(Passover) has always been my least favorite holiday. Cleaning? A housecleaner has always been a necessity for me, not a luxury. Carbohydrate diets belong in hell. And I just have been unable to get beyond the most basic spiritual meaning of the holiday.
Until this year.
This past Monday Joe and I took the day before the first
off. In the morning we put on some Jewish music and cleaned the kitchen together. During breaks I read aloud from the
and Joe and I talked about the rich and meaningful symbolism of all the rituals that surround our remembrance of Jewish liberation from slavery.
Passover is not a Jewish form of lent. It's a time for us as Jews to remember our ancestors and the agonies they endured in captivity, in escaping captivity, and in
But these memories have spiritual meaning for us today. Joe and I read and talked about darkness and change and struggle followed by light and hope and success, of community and compassion towards all beings, of holiness and how the ritual of kashering and doing without bread products for eight days creates a separate, sacred space that makes us more mindful. We read of "blessing our cracked surfaces and sharp edges, unafraid to see our brittleness and brave enough to see our beauty."
"If we speak truthfully about the pain, joys, and contradictions of our lives," the text continues. "If we challenge the absence of women in traditional texts... If we honor our visions more than our fears,
dayeinu v'lo dayeinu.
It will and it will not be enough."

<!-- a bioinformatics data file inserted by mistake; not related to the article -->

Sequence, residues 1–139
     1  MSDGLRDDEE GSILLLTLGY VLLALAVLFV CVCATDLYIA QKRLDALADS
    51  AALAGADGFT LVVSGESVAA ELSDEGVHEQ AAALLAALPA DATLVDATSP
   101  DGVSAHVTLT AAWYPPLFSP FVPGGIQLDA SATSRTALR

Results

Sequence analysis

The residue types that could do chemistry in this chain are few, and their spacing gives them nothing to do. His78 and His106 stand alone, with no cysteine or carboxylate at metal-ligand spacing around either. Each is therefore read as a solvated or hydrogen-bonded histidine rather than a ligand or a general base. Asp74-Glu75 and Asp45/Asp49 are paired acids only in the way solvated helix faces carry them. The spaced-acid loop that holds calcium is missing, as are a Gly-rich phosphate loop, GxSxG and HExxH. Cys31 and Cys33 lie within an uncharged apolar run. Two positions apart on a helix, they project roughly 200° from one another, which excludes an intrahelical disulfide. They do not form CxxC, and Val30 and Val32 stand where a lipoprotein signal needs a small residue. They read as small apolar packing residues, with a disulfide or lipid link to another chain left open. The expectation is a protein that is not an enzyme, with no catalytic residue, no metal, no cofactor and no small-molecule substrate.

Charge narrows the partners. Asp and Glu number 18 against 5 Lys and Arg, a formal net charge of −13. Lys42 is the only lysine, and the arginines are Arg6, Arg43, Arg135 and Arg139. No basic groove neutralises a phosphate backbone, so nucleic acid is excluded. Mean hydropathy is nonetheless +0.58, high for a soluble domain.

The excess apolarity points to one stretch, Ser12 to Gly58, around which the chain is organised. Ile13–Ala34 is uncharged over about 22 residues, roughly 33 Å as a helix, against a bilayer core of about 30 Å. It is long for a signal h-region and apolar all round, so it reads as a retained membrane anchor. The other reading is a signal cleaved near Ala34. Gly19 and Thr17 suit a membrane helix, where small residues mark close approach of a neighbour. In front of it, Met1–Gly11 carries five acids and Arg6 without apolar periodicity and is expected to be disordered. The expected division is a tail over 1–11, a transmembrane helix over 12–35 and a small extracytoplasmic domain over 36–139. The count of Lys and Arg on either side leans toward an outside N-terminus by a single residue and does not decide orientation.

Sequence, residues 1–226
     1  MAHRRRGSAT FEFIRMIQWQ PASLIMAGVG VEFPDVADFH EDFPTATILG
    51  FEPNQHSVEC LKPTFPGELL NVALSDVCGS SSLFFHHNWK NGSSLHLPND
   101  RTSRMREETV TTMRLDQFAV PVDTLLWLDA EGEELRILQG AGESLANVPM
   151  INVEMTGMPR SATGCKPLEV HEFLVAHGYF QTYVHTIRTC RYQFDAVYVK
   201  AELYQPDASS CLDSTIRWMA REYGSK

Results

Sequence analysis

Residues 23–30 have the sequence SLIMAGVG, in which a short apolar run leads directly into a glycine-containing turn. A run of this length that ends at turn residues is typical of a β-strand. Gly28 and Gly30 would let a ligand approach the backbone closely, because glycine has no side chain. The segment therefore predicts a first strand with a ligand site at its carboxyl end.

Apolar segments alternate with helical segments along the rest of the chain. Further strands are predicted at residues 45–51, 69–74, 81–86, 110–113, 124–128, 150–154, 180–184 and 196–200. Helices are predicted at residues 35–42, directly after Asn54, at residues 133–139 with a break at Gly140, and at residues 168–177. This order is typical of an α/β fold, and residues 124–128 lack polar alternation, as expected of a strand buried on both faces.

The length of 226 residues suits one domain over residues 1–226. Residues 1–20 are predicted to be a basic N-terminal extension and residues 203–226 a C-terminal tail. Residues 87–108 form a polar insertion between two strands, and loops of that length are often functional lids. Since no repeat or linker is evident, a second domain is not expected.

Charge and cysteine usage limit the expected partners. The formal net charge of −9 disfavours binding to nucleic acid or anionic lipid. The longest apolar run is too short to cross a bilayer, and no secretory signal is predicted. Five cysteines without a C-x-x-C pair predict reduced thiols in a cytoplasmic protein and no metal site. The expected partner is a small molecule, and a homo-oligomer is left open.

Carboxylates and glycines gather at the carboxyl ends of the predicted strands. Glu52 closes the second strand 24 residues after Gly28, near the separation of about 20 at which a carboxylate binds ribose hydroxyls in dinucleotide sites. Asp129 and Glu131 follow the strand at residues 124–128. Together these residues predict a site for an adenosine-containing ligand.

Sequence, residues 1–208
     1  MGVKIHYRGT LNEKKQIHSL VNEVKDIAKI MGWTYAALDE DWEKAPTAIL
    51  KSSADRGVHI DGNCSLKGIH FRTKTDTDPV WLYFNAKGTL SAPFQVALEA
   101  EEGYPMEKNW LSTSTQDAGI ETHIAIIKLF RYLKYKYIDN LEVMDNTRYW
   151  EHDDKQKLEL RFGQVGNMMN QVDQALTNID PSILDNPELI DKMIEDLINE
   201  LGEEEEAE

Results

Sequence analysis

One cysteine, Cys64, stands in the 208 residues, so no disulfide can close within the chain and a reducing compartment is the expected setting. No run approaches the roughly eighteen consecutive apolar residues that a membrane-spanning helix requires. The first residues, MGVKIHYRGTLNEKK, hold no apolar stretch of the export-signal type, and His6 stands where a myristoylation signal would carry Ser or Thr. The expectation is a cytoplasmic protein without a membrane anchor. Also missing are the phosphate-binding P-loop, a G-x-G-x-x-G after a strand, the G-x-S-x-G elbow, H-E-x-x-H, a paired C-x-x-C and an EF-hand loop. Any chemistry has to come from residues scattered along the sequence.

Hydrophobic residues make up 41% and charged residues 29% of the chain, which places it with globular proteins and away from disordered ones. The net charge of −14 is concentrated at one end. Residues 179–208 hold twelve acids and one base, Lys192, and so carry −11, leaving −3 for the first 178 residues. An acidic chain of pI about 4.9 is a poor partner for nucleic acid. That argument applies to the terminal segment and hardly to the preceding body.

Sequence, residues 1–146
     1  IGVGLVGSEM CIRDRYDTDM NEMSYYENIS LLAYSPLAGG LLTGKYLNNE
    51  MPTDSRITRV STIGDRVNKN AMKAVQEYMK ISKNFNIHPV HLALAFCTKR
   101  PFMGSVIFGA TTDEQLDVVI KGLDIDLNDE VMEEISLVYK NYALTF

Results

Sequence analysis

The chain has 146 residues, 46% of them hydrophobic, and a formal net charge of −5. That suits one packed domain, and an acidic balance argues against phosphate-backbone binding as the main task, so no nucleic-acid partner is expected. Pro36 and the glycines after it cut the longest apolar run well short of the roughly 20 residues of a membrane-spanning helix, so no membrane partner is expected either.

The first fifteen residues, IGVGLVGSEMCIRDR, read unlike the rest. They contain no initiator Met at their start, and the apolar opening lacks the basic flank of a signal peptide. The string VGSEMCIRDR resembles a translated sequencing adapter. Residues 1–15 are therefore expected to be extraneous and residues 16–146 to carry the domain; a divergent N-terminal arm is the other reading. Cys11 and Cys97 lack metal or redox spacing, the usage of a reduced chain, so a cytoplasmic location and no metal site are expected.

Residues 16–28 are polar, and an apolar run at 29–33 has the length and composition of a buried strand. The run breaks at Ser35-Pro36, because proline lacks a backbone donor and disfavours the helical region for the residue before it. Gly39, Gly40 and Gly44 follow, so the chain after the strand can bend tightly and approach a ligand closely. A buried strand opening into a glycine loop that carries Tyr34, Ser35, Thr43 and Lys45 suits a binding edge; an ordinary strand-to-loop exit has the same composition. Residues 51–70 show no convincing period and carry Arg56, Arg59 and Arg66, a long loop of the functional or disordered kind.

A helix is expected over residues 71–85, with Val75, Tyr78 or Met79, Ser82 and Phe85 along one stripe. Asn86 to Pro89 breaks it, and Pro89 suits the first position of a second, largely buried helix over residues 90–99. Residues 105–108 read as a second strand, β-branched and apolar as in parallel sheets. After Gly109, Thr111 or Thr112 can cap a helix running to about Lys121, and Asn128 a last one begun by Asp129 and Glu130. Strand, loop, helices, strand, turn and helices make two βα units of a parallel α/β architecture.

My heart flooded and tears splashed onto the kitchen table. Salt water, another ingredient on the
table. Tears shed during slavery. Yet the
says that by dipping the bitter herb in the salt water, which we do at our
, reminds us "that tears
Spring comes. And with it the potential for change."
The holiday suddenly took on a new ambience. I found myself thinking about the delicious wholesome food I'd eat, rather than the little bit of which I'd be deprived. I felt a deep gratitude that Joe and I could spend the day together, preparing ourselves for a spiritual and physical cleansing, and that we could look forward to spending the next two evenings with friends whom we've come to love as family. Time slowed and, at age 54, I made my very first cake from scratch, without flour or dairy products, and it turned out to be delicious.
During one final break, Joe and I looked up some texts to deepen the significance of counting the omer, which begins the second night of Pesach, and is a symbolic ritual based on the ancient practice of offering a sacrifice which contained an "omer" (a specific measure) of barley. Each of the 49 days which we count has a specific spiritual energy flowing through it. The culmination is the holiday of Shavuot, the receiving of Torah, and spiritually, just like the days of reflection leading to the High Holy Days, our hearts should rise to a crescendo during these days, making us open to receiving the life-giving mitzvot, ethics, and spiritual and mystical depth of the Torah.
I took a moment to open my heart and make myself receptive, softly singing one of Debbie Friedman's (may her memory be for a blessing) Passover melodies:
"O, Source of compassion,
Through the ages we've been blessed
May we build this city of peace
And may all people make it a place of
peace and freedom..."